I recently returned from a fine trip to Liverpool, where some 19 courses are within about 40 minutes, including Royal Birkdale (host of nine Opens), Lytham & St. Annes, and the brilliant trio of Formby, Hillside (literally next door to Birkdale) and wonderful Wallasey, a delightful welcoming club built in 1891 by Old Tom Morris. (These five courses run about 70 to 165 pounds for weekday green fees.) Invigorating Liverpool offers several can’t-miss museums at its renovated docks, such as The Beatles Story and the International Slavery Museum, a courageous confession of how Liverpool and other U.K. shipping towns thrived on the slave trade.
• Wales, however, offers better value and brilliant layouts, such as Royal Porthcawl, a world top-100 course; delightful Pennard, carved from the cliffside and sprinkled with wandering cows; and Royal St. David’s, a tough memorable par 69. Lively Swansea and Cardiff are friendly midsize towns well worth some lengthy strolls.
Other splendid courses the tour buses often miss:
Brora Golf Club, Scotland;Staunton East Golf Club, England;Rye Golf Club, England;Silloth on Solway Golf Club, England;St. Enodoc Golf Club, England;Royal West Norfolk Golf Club (Brancaster), England;Portsalon, Ireland.What’s the cost? Are there discounts?
Consult the course Web sites for current prices, but as a general guide, in Ireland, courses (for May to September weekdays) range from Enniscrone ($78) and Dooks ($110) to Ballybunion ($234).
In Scotland, Elie runs about $92 and Kingsbarns, just over $230.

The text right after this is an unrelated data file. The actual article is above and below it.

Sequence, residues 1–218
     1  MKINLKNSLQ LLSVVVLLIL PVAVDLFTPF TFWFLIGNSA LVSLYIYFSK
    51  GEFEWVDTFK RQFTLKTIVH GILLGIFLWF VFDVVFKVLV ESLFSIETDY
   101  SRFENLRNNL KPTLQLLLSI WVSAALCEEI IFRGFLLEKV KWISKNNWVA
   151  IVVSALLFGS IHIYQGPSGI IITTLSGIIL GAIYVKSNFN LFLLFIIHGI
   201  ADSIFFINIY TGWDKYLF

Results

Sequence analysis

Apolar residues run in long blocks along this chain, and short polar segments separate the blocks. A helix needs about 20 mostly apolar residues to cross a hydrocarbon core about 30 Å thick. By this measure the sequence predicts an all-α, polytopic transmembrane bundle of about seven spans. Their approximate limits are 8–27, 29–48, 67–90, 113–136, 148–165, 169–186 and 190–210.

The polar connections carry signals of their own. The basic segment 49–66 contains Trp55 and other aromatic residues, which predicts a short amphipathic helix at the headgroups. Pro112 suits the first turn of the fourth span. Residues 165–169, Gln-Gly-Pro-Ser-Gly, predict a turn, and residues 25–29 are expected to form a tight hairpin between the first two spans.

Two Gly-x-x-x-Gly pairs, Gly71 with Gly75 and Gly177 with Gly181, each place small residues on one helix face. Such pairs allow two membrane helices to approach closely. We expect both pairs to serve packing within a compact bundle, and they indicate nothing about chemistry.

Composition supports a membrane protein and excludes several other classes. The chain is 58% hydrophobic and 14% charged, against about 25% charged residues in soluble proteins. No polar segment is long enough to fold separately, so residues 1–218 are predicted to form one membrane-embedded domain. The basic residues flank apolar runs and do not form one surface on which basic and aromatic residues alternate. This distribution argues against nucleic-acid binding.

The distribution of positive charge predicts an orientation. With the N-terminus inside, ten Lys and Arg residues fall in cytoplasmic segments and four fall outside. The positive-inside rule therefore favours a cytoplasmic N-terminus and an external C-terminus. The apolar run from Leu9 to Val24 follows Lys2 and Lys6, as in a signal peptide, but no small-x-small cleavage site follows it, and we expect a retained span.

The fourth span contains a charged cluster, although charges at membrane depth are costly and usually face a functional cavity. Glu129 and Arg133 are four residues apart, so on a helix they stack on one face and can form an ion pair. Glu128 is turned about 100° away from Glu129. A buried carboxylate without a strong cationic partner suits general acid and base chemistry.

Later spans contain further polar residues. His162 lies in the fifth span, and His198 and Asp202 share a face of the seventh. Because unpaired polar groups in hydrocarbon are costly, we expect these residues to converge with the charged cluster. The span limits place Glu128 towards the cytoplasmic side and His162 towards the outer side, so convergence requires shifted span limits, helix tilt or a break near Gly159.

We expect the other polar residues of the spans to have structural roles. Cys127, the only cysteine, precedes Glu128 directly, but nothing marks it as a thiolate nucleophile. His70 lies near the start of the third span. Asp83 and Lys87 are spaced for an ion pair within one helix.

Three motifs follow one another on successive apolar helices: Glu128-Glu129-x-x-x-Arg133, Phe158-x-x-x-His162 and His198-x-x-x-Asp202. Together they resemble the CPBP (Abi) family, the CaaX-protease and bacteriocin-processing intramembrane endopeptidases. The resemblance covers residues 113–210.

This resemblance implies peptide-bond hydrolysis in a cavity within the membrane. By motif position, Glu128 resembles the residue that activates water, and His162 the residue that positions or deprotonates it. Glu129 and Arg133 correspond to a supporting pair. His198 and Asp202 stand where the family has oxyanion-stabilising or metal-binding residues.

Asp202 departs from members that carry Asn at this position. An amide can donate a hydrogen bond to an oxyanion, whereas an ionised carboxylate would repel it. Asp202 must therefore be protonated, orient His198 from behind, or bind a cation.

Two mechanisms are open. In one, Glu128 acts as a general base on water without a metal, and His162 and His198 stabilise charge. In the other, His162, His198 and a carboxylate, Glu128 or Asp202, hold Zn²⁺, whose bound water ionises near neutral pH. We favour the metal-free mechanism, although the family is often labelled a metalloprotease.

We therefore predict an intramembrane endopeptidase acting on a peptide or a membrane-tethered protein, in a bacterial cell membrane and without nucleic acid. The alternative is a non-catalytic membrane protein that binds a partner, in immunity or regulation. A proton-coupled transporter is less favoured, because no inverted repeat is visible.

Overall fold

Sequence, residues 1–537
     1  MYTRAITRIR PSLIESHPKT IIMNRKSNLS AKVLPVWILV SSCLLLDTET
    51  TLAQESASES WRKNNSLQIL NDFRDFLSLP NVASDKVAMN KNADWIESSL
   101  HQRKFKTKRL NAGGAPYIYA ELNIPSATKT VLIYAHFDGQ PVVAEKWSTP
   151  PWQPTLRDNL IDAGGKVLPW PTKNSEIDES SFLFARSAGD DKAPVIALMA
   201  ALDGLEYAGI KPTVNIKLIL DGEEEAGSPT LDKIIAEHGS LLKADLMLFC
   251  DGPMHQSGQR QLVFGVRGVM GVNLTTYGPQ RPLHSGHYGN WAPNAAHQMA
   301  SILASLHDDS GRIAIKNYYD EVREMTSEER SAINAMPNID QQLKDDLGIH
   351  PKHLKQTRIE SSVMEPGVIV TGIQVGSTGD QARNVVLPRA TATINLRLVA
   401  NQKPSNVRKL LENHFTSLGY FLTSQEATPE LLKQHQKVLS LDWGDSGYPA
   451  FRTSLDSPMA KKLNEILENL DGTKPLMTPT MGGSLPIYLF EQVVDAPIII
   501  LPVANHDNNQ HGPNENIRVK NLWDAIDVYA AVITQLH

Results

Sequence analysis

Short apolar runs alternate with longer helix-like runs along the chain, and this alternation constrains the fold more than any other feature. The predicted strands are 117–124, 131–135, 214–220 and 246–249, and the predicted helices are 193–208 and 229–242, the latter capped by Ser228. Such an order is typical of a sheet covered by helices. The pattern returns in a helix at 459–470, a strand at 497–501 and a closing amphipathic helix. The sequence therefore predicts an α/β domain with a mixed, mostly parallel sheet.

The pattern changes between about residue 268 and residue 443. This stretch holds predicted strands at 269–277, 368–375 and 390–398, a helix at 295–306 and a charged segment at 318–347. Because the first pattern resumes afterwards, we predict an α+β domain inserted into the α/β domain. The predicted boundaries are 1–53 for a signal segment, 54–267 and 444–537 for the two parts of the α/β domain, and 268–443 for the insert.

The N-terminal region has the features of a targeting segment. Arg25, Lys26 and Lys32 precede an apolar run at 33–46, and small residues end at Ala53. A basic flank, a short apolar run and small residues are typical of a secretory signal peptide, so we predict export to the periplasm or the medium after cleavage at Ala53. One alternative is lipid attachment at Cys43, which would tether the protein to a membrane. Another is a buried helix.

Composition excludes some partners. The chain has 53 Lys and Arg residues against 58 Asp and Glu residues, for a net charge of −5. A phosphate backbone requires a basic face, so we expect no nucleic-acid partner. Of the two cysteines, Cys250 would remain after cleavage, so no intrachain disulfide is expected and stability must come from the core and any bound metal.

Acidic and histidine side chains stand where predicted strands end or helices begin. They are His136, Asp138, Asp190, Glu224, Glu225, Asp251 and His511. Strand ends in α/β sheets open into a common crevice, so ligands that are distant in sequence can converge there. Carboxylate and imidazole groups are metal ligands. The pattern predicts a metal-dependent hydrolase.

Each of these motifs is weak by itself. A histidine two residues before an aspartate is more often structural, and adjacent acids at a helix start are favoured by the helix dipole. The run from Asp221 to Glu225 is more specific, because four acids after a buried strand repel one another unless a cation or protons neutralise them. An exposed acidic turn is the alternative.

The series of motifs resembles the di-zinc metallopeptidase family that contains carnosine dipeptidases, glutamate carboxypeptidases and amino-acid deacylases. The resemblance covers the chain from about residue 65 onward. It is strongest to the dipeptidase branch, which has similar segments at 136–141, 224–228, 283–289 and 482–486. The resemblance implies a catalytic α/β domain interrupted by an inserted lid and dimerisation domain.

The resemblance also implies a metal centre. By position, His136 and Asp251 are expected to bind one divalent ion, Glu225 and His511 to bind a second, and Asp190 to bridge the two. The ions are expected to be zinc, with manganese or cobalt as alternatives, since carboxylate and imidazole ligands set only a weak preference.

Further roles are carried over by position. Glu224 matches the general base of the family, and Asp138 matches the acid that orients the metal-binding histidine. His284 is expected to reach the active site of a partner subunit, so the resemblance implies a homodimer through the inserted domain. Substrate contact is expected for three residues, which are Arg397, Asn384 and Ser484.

In Wales, unassuming Pennard costs a mere $57 on weekdays, while windswept Porthcawl goes for $135.
However, there are innumerable discounts — for juniors, seniors, early morning and double rounds, such as Ballybunion’s two-for-one deal where you can play the famous Old Course and its lovely difficult sister, the Cashen, in April, May and October for about $234.
Better still, there are many regional golf passes that offer more economical courses on three- and five-day deals, such as The First in Fife Golf Pass (5 rounds, from $130) or Carnoustie Country Golf Pass, three rounds, including the site of the 2007 British Open, for just $85. More details at www.visitscotland.com/golf.
Tourism Ireland offers several great plans, from Donegal to Dublin, at www.discoverireland.com/golf. Get expert advice on 12 courses on Ireland’s north and west coast links at www.northandwestcoastlinks.com. Welsh bargains are at www.golf.visitwales.com.
Wherever you go, be sure to enjoy the life around the links rather than forcing yourself to play 36 holes a day, collapsing into bed, driving to another course, then repeating for the entire week.
And most important, there is extraordinary golf to be had at the $50 to $100 range, the welcome is often more genuine, and the fish chowder better. Don’t think you have to play Turnberry every day.
Texas-based journalist Bruce Selcraig is a former Sports Illustrated writer. To contact him, e-mail Selcraig@swbell.net.